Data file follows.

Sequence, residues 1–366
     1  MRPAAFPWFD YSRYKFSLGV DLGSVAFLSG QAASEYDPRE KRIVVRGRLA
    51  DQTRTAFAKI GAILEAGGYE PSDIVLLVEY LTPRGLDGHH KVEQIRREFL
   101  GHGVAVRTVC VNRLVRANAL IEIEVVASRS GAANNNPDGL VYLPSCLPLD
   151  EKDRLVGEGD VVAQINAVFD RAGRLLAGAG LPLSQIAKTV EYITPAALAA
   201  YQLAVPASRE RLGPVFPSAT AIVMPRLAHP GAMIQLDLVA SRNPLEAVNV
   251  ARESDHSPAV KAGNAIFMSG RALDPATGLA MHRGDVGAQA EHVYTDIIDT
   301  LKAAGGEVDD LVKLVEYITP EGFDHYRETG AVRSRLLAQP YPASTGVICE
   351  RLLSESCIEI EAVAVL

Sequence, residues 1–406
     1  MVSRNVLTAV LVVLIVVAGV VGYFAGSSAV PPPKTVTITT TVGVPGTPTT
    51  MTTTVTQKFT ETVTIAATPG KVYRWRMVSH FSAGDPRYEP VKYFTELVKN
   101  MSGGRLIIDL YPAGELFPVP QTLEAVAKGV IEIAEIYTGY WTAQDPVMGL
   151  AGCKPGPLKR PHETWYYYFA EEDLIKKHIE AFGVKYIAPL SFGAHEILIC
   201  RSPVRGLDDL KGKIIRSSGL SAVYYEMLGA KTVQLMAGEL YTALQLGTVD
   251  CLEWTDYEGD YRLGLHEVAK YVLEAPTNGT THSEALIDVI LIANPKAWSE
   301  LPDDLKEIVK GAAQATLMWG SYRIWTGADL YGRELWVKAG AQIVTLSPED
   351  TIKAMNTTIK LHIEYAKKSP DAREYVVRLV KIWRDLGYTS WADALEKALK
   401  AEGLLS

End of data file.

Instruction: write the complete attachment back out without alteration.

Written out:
Sequence, residues 1–366
     1  MRPAAFPWFD YSRYKFSLGV DLGSVAFLSG QAASEYDPRE KRIVVRGRLA
    51  DQTRTAFAKI GAILEAGGYE PSDIVLLVEY LTPRGLDGHH KVEQIRREFL
   101  GHGVAVRTVC VNRLVRANAL IEIEVVASRS GAANNNPDGL VYLPSCLPLD
   151  EKDRLVGEGD VVAQINAVFD RAGRLLAGAG LPLSQIAKTV EYITPAALAA
   201  YQLAVPASRE RLGPVFPSAT AIVMPRLAHP GAMIQLDLVA SRNPLEAVNV
   251  ARESDHSPAV KAGNAIFMSG RALDPATGLA MHRGDVGAQA EHVYTDIIDT
   301  LKAAGGEVDD LVKLVEYITP EGFDHYRETG AVRSRLLAQP YPASTGVICE
   351  RLLSESCIEI EAVAVL

Sequence, residues 1–406
     1  MVSRNVLTAV LVVLIVVAGV VGYFAGSSAV PPPKTVTITT TVGVPGTPTT
    51  MTTTVTQKFT ETVTIAATPG KVYRWRMVSH FSAGDPRYEP VKYFTELVKN
   101  MSGGRLIIDL YPAGELFPVP QTLEAVAKGV IEIAEIYTGY WTAQDPVMGL
   151  AGCKPGPLKR PHETWYYYFA EEDLIKKHIE AFGVKYIAPL SFGAHEILIC
   201  RSPVRGLDDL KGKIIRSSGL SAVYYEMLGA KTVQLMAGEL YTALQLGTVD
   251  CLEWTDYEGD YRLGLHEVAK YVLEAPTNGT THSEALIDVI LIANPKAWSE
   301  LPDDLKEIVK GAAQATLMWG SYRIWTGADL YGRELWVKAG AQIVTLSPED
   351  TIKAMNTTIK LHIEYAKKSP DAREYVVRLV KIWRDLGYTS WADALEKALK
   401  AEGLLS